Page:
Front-end, back-end, frameworks, even a little payroll, and I had indeed been correct about the code. There was a lot. And it was completely overwhelming to say the least. A labyrinth of code, and each new story I was assigned seemed to drop me in a new arena. A full-fledged team member from the get-go, and the expectations were high, but just as high was everyone’s eagerness to help me. And with a growing willingness to explore, a lessening fear of breaking things already in place, and the ever-present support, I started seeing things more clearly, and my fumbling became familiarity.
Fast, vibrant, absurd growth: Over the span of three months we went from one office space to three, with a Denver site picked and prepped for a second, central location. After the first month of my internship, I was still meeting new people every day. Three weeks into my time here and I was considered old hat, a veteran employee. It was truly exponential growth in human form. But the caliber of the people did not falter, we weren’t hiring for the sake of hiring, and that was pretty intense and amazing to be around.
Culture is foundational
On my second day of work around 11:30am, every single engineer started closing up his or her laptop and gathering at the front desk. This I found would become routine; this was engineering lunch, one of the many, purposeful times to step back and relax, regroup, and rethink. Culture is a remarkably core part of Gusto, the axis it spins upon, and I didn’t realize how important of an asset it could be. From all-hands meetings to address issues upfront, to engineering offsites for the team to take a breather, to the values and the principles that were created by them and for them, culture is pervasive in the space and embodied by every employee. The way that things get done and the way that decisions are made is really what drew me to Gusto.
People are fundamental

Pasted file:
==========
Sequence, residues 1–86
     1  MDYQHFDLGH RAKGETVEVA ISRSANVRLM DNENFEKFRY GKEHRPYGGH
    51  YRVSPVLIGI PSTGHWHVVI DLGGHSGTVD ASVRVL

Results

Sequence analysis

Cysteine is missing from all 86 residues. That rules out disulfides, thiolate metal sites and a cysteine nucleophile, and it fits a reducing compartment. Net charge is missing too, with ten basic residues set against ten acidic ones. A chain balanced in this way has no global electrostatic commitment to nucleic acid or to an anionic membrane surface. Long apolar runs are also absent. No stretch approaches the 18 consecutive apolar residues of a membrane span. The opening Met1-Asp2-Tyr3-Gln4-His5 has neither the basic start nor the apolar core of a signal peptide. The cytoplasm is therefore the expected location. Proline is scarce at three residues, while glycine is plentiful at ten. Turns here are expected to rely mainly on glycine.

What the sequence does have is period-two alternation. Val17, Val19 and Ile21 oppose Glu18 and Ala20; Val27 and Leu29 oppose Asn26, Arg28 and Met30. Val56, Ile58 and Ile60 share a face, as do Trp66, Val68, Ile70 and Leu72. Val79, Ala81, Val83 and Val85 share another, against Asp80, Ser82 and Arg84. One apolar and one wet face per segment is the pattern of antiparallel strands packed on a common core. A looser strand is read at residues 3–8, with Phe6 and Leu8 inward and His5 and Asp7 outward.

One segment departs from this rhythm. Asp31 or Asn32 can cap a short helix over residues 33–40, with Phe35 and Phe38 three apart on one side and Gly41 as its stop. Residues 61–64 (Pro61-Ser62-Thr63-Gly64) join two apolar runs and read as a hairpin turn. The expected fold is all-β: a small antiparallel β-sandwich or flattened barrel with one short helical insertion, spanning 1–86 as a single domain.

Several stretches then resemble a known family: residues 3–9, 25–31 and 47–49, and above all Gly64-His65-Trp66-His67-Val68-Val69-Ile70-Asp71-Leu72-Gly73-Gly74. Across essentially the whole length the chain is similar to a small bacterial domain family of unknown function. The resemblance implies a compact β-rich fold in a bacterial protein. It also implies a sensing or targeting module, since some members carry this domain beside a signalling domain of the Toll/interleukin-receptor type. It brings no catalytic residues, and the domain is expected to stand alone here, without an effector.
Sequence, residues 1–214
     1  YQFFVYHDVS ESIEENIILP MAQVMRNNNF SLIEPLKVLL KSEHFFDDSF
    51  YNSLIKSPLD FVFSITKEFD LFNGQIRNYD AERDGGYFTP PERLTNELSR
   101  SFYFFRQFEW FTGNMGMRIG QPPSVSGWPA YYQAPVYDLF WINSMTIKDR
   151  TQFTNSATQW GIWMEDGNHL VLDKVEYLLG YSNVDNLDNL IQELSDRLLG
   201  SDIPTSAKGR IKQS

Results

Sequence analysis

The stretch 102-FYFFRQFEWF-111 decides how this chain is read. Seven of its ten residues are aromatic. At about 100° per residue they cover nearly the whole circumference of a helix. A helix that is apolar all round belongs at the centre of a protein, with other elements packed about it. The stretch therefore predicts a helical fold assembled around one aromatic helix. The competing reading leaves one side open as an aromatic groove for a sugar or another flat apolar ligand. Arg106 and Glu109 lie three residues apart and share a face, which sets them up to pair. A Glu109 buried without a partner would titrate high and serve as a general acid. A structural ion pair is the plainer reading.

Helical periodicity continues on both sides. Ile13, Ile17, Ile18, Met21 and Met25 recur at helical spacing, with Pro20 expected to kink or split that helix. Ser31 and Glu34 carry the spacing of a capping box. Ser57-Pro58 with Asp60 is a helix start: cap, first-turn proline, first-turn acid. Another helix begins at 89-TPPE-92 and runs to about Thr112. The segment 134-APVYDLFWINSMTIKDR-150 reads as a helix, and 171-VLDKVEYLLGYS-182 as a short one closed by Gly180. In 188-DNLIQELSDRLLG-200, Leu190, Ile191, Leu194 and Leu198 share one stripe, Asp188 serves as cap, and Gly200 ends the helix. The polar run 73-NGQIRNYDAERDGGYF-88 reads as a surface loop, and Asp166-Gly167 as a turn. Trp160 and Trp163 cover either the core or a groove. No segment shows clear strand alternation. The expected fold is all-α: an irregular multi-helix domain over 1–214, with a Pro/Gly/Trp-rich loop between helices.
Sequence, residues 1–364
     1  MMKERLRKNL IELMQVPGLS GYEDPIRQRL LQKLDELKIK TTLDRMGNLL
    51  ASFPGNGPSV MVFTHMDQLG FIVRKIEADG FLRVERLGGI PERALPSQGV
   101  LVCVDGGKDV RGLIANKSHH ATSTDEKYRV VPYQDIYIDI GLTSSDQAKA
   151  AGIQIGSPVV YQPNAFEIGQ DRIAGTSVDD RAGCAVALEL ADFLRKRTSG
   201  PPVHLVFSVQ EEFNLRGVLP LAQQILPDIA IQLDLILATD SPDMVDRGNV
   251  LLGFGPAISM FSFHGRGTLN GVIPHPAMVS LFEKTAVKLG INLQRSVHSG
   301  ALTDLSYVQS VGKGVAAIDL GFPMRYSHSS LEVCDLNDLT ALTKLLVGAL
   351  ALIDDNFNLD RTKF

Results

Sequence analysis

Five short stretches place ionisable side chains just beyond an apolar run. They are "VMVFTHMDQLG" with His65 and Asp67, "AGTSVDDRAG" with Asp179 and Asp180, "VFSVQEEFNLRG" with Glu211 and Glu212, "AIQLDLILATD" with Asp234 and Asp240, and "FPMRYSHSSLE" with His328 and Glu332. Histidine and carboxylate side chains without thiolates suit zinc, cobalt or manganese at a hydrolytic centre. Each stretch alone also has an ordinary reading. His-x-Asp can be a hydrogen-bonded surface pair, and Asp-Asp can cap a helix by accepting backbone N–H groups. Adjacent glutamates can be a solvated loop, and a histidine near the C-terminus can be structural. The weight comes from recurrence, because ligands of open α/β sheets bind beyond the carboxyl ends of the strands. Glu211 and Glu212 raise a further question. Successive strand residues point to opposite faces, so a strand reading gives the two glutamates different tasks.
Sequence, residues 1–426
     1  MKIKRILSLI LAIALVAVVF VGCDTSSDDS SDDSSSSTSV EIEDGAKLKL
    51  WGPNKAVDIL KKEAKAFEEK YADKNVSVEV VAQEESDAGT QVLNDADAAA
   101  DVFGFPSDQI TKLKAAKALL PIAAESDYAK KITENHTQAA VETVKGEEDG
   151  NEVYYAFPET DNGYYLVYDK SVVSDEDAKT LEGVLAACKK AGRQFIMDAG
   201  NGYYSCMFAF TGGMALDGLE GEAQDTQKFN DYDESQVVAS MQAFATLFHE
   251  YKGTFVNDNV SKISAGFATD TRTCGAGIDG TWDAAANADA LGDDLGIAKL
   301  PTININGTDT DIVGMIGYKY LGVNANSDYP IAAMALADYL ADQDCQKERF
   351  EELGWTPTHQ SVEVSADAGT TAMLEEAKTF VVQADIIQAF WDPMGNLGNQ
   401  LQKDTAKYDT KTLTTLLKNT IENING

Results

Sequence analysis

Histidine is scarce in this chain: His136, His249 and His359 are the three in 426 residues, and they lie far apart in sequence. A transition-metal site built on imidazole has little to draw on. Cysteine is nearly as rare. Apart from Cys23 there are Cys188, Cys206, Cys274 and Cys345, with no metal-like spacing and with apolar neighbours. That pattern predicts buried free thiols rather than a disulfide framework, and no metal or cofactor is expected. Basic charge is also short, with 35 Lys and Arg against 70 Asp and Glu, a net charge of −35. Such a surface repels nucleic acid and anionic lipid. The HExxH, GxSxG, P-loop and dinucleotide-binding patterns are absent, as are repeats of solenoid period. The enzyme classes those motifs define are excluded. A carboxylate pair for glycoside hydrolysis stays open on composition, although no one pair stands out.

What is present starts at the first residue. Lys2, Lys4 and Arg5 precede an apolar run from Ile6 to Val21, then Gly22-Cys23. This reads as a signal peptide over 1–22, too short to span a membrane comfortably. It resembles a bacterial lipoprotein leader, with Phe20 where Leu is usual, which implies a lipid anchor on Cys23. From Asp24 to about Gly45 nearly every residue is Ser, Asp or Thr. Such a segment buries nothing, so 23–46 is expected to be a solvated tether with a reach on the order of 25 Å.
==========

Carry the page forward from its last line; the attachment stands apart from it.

I can’t remember how many times I had to ask questions, mainly to my mentor, about everything from what the MVC model entailed to what was the shortcut to find all instances of in RubyMine. I believe I’m an introvert, so people are sometimes hard for me, but being here was a very good reminder of how essential they are. In school, working with people is cheating, but in the real world it’s the best thing you can do. And these were some of the best people I’ve encountered. They broke the mold or caricature of the stereotypical programmer, all dark spaces in isolated places, coding for hours on end. Every engineer I have come across is willing to pair or play ping-pong, and the space feels open. Open in the physical sense of the office and open in terms of ideas and issues. Communication and collaboration are key, both within and across teams, and everyone cares so, so much. It’s not perfect, but it’s something they’re definitely doing right.
Where Gusto's culture, growth, and people will take them in the next five, ten years will undoubtedly be crazy and extraordinary. They’re always iterating and improving and I feel very privileged to have spent my summer working here with people who are passionate caring. I was all tongue-tied, terrified jitters and hesitancy when I first started but, as cheesy as it is, I’m glad I did. I think the ghosts helped.